Cost factor 3: time
This brings us to the biggest cost factor, the time to be spent. WordPress installs in minutes. Many hosters offer 1-click installations. This allows WordPress to be installed with just one click. Technical knowledge is not necessary.
A theme and the necessary plugins are also quickly installed. But what about choosing the right theme? And with the configuration until everything looks the way you want it to? Which plugins are necessary and how are they configured?
Many hours can be necessary before the website can go online. If it is also the first website, of course, the necessary know-how must first be acquired.
WordPress is relatively simple and easy to learn. Nevertheless, the learning effort should not be underestimated.
Either you have the website created by a professional or you invest a lot of time in the creation yourself. The mistake often made is not to put a price tag on one’s own time.
That might be fine if it’s a hobby. But even then, the time required should be taken into account. If you need a website for your business – no matter how small – it is usually better to leave it to a professional.
It is a fallacy that one’s own time does not incur any costs. The time should rather be spent on your own business than on creating a website.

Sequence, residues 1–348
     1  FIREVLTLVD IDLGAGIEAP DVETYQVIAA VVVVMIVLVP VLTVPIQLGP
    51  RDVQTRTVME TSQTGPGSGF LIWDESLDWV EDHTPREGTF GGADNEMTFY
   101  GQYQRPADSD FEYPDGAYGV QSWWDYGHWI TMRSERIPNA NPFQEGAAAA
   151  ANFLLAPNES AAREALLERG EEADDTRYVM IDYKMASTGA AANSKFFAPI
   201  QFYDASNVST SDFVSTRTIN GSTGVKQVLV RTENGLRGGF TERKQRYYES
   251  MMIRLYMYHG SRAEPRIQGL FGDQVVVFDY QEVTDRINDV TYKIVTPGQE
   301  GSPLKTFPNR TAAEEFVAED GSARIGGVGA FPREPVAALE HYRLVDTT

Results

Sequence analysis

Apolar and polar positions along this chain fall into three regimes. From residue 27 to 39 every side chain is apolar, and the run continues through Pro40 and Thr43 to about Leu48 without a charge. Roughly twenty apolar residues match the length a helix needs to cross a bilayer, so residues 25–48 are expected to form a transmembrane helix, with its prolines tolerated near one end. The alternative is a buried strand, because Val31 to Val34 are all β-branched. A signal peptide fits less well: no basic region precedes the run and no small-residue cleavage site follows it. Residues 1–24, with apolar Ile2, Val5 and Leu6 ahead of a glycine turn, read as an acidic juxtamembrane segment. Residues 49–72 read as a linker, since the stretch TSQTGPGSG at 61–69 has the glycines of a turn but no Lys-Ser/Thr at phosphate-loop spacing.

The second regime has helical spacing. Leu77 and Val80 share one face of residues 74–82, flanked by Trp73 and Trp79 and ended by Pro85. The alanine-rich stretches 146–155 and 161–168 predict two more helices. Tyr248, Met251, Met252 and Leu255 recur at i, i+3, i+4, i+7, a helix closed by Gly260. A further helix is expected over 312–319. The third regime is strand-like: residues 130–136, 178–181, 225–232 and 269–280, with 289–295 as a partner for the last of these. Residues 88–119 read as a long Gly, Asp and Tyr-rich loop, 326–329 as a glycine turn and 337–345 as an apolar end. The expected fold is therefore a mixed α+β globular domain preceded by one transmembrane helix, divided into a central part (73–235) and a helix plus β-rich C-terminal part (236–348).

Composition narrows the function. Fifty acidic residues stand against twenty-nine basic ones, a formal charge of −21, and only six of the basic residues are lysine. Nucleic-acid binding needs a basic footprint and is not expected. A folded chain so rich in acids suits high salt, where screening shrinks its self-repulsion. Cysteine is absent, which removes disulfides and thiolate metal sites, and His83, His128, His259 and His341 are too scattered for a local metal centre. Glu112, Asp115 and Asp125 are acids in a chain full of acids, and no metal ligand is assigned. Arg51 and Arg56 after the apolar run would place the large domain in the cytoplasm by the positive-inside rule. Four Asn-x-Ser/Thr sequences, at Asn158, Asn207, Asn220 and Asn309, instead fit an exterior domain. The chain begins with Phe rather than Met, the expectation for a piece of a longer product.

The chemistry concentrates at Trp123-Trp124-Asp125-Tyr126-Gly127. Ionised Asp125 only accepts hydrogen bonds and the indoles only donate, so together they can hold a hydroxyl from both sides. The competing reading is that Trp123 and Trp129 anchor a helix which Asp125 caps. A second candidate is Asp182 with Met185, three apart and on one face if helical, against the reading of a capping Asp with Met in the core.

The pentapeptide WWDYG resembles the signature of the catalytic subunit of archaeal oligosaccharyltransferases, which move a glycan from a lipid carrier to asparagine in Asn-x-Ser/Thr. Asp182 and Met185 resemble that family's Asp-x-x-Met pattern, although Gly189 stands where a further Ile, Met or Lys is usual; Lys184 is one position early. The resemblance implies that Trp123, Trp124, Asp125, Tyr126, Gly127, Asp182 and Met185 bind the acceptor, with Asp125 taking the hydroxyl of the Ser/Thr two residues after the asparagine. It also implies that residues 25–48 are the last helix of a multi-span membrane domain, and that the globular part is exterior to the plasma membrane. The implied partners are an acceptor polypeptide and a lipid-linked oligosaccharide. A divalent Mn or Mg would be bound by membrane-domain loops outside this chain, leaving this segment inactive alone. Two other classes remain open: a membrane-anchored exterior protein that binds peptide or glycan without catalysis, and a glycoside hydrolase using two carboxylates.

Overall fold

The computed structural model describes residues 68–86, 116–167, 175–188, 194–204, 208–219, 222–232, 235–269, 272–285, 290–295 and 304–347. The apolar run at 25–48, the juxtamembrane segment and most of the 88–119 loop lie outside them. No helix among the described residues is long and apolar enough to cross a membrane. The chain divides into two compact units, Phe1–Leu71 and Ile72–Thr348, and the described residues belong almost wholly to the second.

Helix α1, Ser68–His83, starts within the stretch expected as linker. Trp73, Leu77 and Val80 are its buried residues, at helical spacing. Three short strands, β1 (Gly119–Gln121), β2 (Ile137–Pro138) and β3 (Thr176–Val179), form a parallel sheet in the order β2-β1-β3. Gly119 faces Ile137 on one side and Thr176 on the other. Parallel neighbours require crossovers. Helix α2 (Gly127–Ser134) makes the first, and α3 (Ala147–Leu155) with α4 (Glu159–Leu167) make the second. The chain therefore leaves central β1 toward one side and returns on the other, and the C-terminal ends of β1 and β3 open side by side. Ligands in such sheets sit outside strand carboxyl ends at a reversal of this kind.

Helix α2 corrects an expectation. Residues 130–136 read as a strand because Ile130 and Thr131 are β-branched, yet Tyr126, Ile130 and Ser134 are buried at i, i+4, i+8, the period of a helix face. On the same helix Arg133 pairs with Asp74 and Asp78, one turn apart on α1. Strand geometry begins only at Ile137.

The WordPress software itself is free. It is also possible to actually run a WordPress website completely #free. However, this comes with limitations. A very large part of the WordPress universe is then not available.
If you want to use the full functionality of WordPress, you have to operate WordPress yourself. There are costs for this
If the requirements are more extensive, the operation can quickly become expensive. Anyone who has such requirements must also reckon with these costs. For your own small website, a package for a few euros per month is usually sufficient.
The installation costs should not be underestimated. A large number of themes and plugins are also available free of charge. Maybe that’s enough. The biggest cost factor is the effort involved in setting it up. Even if it is “only” your own time.